Renewable energy subsidies and the WTO: The wrong law and the wrong venue

kristy Green Prosperity, Greentech

Feature Commentary

Renewable energy subsidies and the WTO: The wrong law and the wrong venue
By Aaron Cosbey, Senior Associate, the International Institute for Sustainable Development

Japan recently announced that consultations had failed to resolve its dispute with Canada over the Province of Ontario’s feed-in-tariffs for renewable energy, and that in mid-June it will be asking the WTO to establish a dispute settlement panel. This is awful news for the multilateral trade system, for which the dispute will be corrosive, seemingly pitting trade against the environment. It is clear that the WTO’s dispute settlement system is the wrong place to forge international consensus on renewable energy support measures, but it is also clear that the right place needs to be found, and quickly.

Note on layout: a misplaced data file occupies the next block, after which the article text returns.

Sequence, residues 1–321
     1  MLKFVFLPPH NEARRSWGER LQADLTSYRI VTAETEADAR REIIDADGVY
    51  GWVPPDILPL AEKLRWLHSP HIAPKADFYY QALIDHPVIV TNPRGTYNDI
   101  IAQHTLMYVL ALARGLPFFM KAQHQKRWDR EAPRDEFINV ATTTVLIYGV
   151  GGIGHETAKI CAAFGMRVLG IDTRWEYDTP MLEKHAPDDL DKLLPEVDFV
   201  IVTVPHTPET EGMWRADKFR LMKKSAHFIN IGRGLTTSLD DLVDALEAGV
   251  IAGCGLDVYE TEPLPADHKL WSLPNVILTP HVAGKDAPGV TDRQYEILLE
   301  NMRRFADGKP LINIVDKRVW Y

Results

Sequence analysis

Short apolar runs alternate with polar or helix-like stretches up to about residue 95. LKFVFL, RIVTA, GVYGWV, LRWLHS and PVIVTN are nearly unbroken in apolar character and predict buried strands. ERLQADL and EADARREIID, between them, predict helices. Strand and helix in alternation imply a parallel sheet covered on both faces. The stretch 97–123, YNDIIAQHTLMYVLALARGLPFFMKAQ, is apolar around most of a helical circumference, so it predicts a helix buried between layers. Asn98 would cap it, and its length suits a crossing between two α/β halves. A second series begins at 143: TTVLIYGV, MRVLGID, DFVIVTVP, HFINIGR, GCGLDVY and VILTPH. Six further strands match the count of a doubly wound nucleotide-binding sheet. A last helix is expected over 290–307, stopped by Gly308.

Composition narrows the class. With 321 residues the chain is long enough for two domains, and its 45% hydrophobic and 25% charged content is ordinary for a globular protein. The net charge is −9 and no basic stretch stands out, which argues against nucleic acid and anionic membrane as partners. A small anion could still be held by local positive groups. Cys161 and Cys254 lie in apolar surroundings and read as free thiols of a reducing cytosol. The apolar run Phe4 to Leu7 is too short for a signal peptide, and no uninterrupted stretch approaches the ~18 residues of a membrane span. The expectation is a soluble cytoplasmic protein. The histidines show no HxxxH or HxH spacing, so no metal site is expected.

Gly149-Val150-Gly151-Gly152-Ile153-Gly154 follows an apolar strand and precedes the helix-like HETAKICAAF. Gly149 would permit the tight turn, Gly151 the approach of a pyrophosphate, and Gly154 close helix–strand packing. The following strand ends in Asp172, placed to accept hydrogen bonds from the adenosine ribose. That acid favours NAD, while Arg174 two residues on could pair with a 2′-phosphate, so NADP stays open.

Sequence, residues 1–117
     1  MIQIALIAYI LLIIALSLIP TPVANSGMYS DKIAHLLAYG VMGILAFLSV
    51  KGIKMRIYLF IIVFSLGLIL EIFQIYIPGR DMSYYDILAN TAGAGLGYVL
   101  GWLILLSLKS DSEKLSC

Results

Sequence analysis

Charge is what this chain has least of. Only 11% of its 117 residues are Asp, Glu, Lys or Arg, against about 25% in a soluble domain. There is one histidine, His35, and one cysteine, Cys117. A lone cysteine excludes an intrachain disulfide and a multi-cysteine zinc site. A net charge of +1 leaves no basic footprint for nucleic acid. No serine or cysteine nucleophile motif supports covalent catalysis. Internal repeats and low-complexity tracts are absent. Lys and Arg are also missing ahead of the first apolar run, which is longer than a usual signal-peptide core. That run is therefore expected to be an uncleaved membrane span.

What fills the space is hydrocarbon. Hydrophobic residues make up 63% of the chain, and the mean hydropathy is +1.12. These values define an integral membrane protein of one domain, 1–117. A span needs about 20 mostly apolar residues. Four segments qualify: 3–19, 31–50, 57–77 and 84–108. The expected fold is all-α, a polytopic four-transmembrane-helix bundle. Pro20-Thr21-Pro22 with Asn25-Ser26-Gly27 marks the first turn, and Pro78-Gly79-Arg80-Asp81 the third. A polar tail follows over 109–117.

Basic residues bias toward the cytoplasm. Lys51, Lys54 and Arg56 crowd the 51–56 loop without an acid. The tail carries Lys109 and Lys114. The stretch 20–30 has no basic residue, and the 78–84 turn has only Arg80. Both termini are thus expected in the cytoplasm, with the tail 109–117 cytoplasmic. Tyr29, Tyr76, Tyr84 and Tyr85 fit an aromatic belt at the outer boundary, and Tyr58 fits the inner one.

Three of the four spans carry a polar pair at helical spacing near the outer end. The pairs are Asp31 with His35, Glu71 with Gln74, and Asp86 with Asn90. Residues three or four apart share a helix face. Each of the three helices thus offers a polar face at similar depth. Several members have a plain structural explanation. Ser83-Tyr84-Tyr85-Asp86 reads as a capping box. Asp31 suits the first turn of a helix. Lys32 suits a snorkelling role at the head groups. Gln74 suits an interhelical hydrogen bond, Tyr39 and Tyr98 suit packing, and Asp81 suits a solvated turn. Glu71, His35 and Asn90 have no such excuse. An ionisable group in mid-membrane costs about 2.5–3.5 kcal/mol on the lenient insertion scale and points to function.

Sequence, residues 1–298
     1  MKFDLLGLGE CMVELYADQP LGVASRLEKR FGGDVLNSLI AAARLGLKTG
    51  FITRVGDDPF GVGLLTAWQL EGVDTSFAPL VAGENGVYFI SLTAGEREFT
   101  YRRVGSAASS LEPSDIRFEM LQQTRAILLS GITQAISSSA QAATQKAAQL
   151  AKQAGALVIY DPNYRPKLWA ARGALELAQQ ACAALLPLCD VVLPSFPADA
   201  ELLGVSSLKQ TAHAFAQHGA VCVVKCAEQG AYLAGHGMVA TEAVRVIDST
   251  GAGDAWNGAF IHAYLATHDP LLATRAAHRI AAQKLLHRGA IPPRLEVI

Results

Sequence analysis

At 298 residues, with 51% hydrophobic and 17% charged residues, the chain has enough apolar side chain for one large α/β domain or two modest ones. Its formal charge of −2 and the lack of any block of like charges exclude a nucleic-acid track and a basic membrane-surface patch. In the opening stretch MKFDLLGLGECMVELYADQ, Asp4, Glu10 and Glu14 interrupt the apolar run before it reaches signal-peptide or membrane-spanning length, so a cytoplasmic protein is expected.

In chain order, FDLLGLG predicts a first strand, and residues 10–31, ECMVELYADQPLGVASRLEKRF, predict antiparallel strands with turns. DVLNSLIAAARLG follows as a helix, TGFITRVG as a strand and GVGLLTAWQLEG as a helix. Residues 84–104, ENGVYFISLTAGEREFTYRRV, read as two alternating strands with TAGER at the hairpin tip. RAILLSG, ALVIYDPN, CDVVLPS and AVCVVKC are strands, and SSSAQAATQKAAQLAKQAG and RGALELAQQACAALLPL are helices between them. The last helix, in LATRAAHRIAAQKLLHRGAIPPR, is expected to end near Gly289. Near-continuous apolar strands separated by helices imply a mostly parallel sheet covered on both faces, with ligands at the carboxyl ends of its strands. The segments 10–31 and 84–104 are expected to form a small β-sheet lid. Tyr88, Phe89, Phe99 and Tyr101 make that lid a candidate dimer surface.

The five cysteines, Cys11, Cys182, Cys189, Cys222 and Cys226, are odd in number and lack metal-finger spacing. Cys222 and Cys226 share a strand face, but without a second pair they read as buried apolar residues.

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Also in this issue:


Fossil-fuel subsidies and the UN Climate Convention: A way forward on reporting
By Stephen Kretzmann, Executive Director, Oil Change International

As progress towards the G-20’s commitment to reform fossil-fuel subsidies remains slow, advocates and champions of reform have begun to look for next steps and alternative paths. One of the most promising venues where progress is already happening is the United Nations Framework Convention on Climate Change (UNFCCC).

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